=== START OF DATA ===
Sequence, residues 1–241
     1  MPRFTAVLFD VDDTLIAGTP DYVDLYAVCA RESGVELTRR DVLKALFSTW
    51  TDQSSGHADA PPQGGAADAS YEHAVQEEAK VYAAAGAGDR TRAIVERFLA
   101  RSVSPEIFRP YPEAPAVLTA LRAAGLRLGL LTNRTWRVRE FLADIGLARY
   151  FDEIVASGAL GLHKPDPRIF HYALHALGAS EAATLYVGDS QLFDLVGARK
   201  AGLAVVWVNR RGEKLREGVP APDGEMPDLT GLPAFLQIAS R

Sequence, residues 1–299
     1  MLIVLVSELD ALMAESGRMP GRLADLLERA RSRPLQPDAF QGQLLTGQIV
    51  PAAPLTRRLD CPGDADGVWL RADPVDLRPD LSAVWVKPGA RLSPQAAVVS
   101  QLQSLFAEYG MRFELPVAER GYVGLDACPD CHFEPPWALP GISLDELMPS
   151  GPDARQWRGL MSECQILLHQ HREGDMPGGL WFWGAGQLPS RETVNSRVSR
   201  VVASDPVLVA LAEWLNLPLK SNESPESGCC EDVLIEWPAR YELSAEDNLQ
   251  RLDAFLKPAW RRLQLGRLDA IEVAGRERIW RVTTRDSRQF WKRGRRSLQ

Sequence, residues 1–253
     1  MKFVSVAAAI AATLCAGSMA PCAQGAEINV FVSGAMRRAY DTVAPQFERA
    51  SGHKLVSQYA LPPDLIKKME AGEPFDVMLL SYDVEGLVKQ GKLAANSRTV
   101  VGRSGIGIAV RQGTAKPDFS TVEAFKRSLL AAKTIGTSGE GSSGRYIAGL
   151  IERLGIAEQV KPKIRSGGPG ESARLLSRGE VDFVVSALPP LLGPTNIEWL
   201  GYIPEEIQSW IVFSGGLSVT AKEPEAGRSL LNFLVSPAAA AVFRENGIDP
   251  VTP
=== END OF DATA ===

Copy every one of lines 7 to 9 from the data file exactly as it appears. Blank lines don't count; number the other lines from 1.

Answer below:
Sequence, residues 1–299
     1  MLIVLVSELD ALMAESGRMP GRLADLLERA RSRPLQPDAF QGQLLTGQIV
    51  PAAPLTRRLD CPGDADGVWL RADPVDLRPD LSAVWVKPGA RLSPQAAVVS